Meteorological 'barrier': Why Belgium is spared the extreme heat

Meteorological 'barrier': Why Belgium is spared the extreme heat
Warm weather in Belgium. Credit: Belga / Nicolas Maeterlinck

While large parts of the world, from southern Europe to Asia and North America, are being plagued by record-breaking heat and extreme weather conditions, Belgium with its cooler temperatures seems to be spared the worst.

In the coming days, temperatures in popular holiday destinations across Europe are expected to stay above 30°C, even edging closer to 40°C in several Greek cities. In several countries, regions have been placed on red alert due to the "extreme danger" posed by these temperatures.

While the south of Europe is trapped under a heat dome, Belgium remains unaffected by the heat wave, despite the fact it experienced record-breaking heat just last month and even experienced its own heat wave not so long ago.

Next week, rain is expected to pour in the country, with temperatures fluctuating around a mere 20°C. Pascal Mailier, a meteorologist at the Royal Meteorological Institute (RMI), explained why this is the case.

"Due to the general location of high and low-pressure areas on a large scale, the northern half of Europe is subject to a sometimes disturbed and unstable western maritime airflow," he told The Brussels Times. Meanwhile, the south of Europe experiences high pressure with very hot air from North Africa.

"This results in an influx of moisture in the form of sometimes cloudy and rainy spells, as well as moderate temperatures. This current acts as a barrier, preventing the very warm, dry air in southern Europe from reaching our regions," he added.

Rise in temperatures still possible

The meteorological mechanism of heat domes, however, is not unique to the Mediterranean and can also occur in Belgium too, as was seen last year, but they generally don't last as long, as the lows forming in northern Europe "chase away" the dome.

This type of jet stream, a river of air at 5 to 10 kilometres altitude, forms a dividing line between different types of air. While southern Europe experiences suffocatingly high temperatures, countries in northern Europe such as Ireland, Scotland and Denmark are experiencing a constant stream of rain.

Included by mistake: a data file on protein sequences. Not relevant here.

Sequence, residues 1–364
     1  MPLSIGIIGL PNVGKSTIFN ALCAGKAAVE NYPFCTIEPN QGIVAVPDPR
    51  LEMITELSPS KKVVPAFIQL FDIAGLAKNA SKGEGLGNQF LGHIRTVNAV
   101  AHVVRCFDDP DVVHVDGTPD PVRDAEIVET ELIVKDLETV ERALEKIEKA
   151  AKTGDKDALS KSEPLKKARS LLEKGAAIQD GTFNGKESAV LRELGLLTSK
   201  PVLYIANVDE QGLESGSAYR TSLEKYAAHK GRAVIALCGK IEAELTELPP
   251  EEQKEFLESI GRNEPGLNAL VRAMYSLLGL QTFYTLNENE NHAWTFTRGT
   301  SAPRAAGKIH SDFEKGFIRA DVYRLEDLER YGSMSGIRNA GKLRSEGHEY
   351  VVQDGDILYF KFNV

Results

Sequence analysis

Belgium currently finds itself in between these two scenarios, with mild temperatures during the day and night and just the occasional shower of rain.

The weather this month has been rainier and colder. Credit: Belga / Nicolas Maeterlinck

Meteorologists expect that this barrier will remain for a while as the jet stream determining this heat has been weakened by climate change, and so there is no expectation of temperatures rising above 30°C anytime soon. "But this does not rule out a rise in temperatures in August," Mailier said. "Summer is far from over and could still provide a surprise."

The extreme heat now occurring in the Mediterranean region is related to changes in the jet stream – a hard air current higher in the atmosphere – which determines our weather. For instance, the strength of the jet stream is determined by the temperature difference between the equator and the North Pole.

Yet, given the current temperatures and the state of the ground since the start of summer, it is unlikely that the country will break more temperature records this year.

Alarming temperature and drought records

Looking at these temperatures, people living in Belgium may think there is little reason to be concerned about global warming. However, Mailier stressed that the temperature and drought records which have already been broken in southern Europe should be alarming enough.

Meanwhile, global warming is occurring much faster than expected. This was echoed by Rozemien De Troch, a climate scientist at the Belgian Climate Centre.

She explained that the extreme heat that is currently seen both over land and sea worldwide is a combined effect of global warming and El Niño – a natural and recurring weather phenomenon in which a band of warm ocean water develops in the Pacific Ocean off the coast of Peru and Ecuador.

"El Niño could still trigger extreme weather phenomena such as heat, drought and extreme rainfall in several locations around the world in the coming months," she told The Brussels Times, adding that this extreme weather may also become more frequent due to global warming.

Earlier this week, the United Nations also reported that the world should prepare for "more intense" heatwaves.

"Results from climate models show further warming, increasing heatwaves and further desiccation for Europe, including in the Mediterranean region. The extent to which this warming continues will depend on the actions taken by policymakers," De Troch stressed.

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